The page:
Capital markets should pick up in mid to late 2023, provided economic stability returns
Given the number of IPOs that have been put on hold, we expect IPOs to return once there is a sufficient period of economic stability. We anticipate this to be mid-late calendar 2023. However, a few factors do need to work in the market’s favour for this to occur.
It will pay to be prepared so that you minimise the lead time on your IPO and activate your IPO early.
See Readying yourself for a change of season for further details on pre-IPO preparations.
Pre-IPO rounds will continue
As we predicted in 2022, pre-IPO rounds will continue to play an important role in the evolution of businesses, especially given the lack of IPOs. Most pre-IPO rounds are taking the form of convertible notes.
Climate change and ESG disclosures will remain important
Given institutional and superannuation investor interest, as well as general market interest, we expect issuers who are dealing with climate change and ESG issues to focus on these disclosures in their prospectuses. Due diligence will need to be conducted to mitigate claims and regulatory scrutiny alleging greenwashing.
Covid-19 related disclosures are not as important as they were
Given we have all gotten used to the implications of living with Covid-19, we expect that prospectuses will focus less than before on the consequences of Covid-19 on the issuer. As a result, we expect that forecast periods in disclosure documents will return to normal (between 6 and 12 months). There may also be scope for companies to gain support for their IPOs through the use of longer escrow periods.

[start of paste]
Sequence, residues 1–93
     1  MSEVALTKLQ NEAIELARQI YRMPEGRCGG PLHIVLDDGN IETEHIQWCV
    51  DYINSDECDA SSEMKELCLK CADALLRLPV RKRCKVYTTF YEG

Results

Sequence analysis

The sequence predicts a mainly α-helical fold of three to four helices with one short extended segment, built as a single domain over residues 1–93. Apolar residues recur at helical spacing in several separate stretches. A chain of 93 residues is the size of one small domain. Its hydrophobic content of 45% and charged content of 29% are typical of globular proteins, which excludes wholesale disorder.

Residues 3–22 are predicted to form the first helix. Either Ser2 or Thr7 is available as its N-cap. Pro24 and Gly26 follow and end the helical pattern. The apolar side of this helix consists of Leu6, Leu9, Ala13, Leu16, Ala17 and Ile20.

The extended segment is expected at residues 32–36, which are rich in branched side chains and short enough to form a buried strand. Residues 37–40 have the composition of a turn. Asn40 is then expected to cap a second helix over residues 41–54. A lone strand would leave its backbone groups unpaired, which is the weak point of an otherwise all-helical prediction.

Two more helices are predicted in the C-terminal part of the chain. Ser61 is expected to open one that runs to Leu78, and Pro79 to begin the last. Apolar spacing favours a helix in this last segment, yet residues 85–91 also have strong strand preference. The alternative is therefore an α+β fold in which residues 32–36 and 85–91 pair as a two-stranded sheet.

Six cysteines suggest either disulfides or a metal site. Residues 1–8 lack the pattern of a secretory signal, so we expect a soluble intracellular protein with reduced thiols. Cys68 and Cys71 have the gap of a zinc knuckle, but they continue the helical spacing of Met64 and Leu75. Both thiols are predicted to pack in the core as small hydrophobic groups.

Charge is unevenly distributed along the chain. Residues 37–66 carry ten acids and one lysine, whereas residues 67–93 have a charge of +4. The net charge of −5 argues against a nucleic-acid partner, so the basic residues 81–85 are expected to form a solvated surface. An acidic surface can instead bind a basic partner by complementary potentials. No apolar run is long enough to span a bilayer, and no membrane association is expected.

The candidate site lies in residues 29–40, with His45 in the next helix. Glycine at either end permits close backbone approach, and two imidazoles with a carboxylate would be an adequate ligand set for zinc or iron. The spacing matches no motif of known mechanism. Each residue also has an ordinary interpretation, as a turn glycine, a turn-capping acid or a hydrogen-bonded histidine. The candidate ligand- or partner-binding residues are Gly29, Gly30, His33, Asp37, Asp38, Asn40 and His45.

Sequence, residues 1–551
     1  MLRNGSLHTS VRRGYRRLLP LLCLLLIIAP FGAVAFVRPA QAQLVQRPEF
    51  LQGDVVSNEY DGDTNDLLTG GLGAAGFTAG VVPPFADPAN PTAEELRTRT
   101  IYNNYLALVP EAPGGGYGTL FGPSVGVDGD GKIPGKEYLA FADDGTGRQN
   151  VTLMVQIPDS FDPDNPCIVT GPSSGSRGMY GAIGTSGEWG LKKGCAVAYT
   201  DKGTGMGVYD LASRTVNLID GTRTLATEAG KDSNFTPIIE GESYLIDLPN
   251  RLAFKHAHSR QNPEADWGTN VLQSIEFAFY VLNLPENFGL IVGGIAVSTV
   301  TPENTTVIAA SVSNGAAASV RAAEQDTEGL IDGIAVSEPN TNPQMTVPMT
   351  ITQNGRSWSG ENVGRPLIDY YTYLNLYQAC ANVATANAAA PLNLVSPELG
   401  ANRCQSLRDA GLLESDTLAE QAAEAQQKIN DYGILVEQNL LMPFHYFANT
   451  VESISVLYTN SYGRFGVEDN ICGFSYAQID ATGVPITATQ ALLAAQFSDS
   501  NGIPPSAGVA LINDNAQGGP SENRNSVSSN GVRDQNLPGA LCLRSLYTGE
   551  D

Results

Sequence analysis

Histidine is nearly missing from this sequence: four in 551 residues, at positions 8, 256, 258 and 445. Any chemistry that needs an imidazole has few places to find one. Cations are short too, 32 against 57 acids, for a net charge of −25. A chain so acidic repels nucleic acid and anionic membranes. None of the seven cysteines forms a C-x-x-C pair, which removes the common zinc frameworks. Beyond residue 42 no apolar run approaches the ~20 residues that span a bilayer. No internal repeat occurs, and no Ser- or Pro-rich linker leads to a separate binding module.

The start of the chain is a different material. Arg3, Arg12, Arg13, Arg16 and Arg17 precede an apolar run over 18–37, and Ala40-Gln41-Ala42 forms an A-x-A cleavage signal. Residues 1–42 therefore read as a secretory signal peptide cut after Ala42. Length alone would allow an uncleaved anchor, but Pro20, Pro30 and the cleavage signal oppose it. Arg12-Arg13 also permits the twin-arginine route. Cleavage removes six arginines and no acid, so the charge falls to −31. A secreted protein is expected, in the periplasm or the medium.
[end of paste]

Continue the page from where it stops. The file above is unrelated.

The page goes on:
See IPOs by the numbers for further details on escrow periods in 2022.
Back-end bookbuilds will be popular until economic stability returns
Given the current economic volatility, we expect that back-end bookbuilds will be more popular, until economic stability returns, given that they allow investors (particularly institutional investors) to reduce or manage the risk of price volatility between the determination of the offer price and the completion of the IPO.
As economic conditions stabilise, we expect that front-end bookbuilds will regain popularity.
Minerals IPOs will be popular and tech IPOs will be harder
Given global energy shortages, supply issues and price rises, we expect that minerals companies (especially those who focus on minerals such as lithium used in batteries) will be a leading source of IPOs in 2023.
In light of the volatility of interest rates, the elasticity of tech share prices, and the previous years’ high private valuations of tech companies which have subsequently fallen, tech IPOs are likely to be harder to complete unless they have a clear path to profitability. This could result in tech companies becoming more reliant upon crowd-sourced funding and the private equity market than IPOs.
SPACs likely to be less of a transaction alternative
Given the diminishing popularity of SPACs in the US and high redemption rates, the emerging SPAC market in Australia is likely to prove less of a transaction alternative.